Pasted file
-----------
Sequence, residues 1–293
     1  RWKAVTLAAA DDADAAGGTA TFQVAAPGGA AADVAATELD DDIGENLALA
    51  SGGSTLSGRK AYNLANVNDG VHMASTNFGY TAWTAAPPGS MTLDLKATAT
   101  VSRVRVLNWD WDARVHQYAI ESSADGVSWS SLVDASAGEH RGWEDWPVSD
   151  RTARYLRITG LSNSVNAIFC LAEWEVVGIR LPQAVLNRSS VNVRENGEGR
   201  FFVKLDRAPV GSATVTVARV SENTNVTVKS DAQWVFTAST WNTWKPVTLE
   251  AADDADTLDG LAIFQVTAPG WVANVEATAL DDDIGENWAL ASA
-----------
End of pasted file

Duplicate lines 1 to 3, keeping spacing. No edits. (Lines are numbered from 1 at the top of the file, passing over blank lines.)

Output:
Sequence, residues 1–293
     1  RWKAVTLAAA DDADAAGGTA TFQVAAPGGA AADVAATELD DDIGENLALA
    51  SGGSTLSGRK AYNLANVNDG VHMASTNFGY TAWTAAPPGS MTLDLKATAT